Convicted molester loses appeal over barred internet search history

A man convicted and sentenced to 40 years in prison for molesting his 11-year-old daughter failed to convince the Indiana Court of Appeals that evidence of sexual internet searches he attributed to the victim was wrongly excluded from his trial.

Jessie L. Watson lost that argument, as well as his claim that testimony of experts who examined his daughter was impermissible vouching or bolstering. The COA upheld Watson’s conviction and 40-year sentence in Jessie L. Watson v. State of Indiana, 18A-CR-02984.

According to the record, after Watson and his ex-wife Mary — the victim’s stepmother — separated in 2016, the daughter continued to live with Watson but still regularly visited and communicated with Mary. On one of those visits, the daughter told Mary that Watson on multiple occasions had instructed her to disrobe, wrap herself in a towel, wear a sleep mask over her eyes and wait for a “visitor” who would place something “kind of floppy” on her face that eventually entered her mouth.

The final time this happened, the daughter had adjusted the sleep mask so she could see the visitor was Watson. Based on her testimony and that of a nurse and forensic interviewer who examined her, an Allen Superior jury convicted Watson of one count each of Level 4 felony child molesting and incest, sentencing him to 40 years in prison.

The COA first rejected Watson’s argument on appeal that the trial court improperly excluded evidence of sexual internet searches that would have proven his theory that the claims were fabricated under the “sexual innocence inference theory.”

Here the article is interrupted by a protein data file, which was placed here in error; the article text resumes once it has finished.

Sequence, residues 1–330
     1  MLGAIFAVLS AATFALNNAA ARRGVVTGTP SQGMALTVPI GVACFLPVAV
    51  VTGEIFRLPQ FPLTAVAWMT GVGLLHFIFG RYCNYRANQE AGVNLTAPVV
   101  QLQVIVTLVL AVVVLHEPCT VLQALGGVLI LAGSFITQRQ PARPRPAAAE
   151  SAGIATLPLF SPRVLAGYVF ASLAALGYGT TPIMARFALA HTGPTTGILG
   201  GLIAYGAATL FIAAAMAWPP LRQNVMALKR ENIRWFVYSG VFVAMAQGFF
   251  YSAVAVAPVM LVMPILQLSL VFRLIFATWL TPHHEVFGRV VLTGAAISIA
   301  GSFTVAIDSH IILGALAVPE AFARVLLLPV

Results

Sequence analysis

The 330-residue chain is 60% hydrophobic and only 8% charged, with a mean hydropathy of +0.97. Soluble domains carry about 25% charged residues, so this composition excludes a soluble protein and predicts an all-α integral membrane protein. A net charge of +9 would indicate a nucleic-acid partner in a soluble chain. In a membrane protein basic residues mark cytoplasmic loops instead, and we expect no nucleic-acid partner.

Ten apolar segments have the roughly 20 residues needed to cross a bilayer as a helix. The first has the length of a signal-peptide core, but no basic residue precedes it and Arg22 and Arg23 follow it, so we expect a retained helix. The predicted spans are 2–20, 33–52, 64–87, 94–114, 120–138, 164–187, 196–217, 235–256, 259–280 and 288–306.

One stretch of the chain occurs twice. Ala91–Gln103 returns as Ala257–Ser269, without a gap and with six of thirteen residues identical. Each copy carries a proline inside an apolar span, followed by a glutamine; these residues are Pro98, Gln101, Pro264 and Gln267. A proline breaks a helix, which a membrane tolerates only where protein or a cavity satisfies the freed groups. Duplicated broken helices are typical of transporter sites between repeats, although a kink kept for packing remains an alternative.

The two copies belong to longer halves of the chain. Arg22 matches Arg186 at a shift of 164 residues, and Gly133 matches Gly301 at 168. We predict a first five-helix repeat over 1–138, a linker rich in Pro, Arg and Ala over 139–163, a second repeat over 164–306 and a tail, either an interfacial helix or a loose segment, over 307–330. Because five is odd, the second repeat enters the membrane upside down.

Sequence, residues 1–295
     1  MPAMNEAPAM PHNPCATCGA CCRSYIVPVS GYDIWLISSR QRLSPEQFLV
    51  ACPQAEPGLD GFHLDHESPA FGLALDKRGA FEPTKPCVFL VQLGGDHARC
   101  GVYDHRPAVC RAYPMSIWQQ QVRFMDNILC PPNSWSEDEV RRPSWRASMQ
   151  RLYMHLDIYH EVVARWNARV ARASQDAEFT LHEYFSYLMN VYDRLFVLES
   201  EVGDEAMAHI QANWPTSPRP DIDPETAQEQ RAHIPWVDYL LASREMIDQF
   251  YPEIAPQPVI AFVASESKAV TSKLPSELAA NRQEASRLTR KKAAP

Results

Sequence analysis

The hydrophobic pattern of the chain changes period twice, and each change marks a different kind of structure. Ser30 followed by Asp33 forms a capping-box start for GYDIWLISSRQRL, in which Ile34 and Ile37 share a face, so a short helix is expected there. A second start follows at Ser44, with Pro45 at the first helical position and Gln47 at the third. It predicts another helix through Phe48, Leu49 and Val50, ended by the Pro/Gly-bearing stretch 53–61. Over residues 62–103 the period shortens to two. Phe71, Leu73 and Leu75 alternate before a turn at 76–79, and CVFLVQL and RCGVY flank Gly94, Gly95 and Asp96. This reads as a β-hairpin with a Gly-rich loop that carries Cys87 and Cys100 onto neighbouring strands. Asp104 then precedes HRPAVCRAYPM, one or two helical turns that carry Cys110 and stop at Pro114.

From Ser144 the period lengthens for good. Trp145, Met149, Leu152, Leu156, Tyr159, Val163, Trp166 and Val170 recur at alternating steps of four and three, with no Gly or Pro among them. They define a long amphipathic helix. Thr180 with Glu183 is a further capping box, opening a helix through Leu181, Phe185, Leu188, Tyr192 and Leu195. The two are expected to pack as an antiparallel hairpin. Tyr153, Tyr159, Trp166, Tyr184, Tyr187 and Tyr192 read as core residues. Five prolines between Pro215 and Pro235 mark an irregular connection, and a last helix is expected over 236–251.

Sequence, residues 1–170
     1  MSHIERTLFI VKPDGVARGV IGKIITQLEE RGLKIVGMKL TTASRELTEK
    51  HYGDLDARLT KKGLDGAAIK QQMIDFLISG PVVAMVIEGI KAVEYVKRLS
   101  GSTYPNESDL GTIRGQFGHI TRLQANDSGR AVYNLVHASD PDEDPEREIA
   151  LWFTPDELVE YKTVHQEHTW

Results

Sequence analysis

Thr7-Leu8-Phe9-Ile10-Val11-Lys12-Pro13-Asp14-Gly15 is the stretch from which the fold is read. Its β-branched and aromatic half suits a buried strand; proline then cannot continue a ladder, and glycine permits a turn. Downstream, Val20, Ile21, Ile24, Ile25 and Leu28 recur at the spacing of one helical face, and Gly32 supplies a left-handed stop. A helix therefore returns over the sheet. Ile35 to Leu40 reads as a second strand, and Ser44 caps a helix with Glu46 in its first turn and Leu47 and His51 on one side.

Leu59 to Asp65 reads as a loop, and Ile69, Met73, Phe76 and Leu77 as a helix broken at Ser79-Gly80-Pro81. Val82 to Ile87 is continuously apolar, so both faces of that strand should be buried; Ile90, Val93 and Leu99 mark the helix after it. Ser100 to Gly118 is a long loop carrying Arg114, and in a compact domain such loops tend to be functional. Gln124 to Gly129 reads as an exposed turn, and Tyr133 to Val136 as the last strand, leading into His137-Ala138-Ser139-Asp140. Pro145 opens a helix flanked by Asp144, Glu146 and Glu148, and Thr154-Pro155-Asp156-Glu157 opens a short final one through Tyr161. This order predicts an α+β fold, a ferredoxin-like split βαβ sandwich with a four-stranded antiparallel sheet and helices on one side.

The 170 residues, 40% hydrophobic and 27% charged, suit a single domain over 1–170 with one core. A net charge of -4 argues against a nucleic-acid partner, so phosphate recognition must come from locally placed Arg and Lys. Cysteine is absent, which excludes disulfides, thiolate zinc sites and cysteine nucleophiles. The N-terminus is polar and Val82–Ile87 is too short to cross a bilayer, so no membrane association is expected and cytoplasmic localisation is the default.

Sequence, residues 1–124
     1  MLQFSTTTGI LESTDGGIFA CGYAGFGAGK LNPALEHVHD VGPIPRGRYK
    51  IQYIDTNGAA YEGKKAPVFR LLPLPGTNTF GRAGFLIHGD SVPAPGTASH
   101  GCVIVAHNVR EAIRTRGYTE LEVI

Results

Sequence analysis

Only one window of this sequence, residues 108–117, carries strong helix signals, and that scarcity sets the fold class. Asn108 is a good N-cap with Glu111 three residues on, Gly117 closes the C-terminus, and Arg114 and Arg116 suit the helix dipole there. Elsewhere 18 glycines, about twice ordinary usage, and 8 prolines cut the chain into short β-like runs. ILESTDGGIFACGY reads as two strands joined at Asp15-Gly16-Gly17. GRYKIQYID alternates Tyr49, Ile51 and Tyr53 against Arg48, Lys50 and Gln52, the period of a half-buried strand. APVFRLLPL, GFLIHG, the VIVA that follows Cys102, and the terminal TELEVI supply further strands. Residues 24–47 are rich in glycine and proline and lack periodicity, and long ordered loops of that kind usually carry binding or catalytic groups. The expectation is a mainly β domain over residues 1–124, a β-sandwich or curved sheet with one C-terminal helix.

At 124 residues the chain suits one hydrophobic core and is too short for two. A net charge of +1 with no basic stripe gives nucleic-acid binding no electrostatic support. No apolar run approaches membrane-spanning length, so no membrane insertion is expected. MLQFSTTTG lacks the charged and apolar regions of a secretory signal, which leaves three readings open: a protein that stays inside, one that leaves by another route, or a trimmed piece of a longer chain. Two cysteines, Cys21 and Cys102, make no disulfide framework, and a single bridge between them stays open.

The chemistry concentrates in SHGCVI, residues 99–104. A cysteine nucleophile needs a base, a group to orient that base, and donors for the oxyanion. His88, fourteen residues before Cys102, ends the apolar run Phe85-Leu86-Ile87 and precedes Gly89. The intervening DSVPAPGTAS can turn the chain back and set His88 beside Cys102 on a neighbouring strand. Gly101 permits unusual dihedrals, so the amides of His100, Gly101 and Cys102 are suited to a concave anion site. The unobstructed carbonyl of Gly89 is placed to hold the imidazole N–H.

But the trial court properly excluded that evidence for several reasons, Judge Robert Altice wrote for the panel. “Watson failed to establish who conducted the internet searches on the tablet. This fact alone justified the exclusion of the evidence, as it was mere speculation that (the victim) possessed the tablet when the searches were conducted. Thus, we cannot say that the evidence was relevant or that its probative value outweighed its prejudicial effect.”

Likewise, the appellate panel affirmed the admission of testimony of forensic examiner Sara Drury and nurse Leslie Cook from the Bill Lewis Center for Children in Fort Wayne. “We also reject Watson’s contention that (the victim’s) testimony had the effect of bolstering and vouching for Cook and Drury’s testimony.  Both witnesses recounted the statements … made to them during their testimony.  And neither testified about (the victim’s) honesty or her propensity to tell the truth. In short, Watson has failed to establish fundamental error.”

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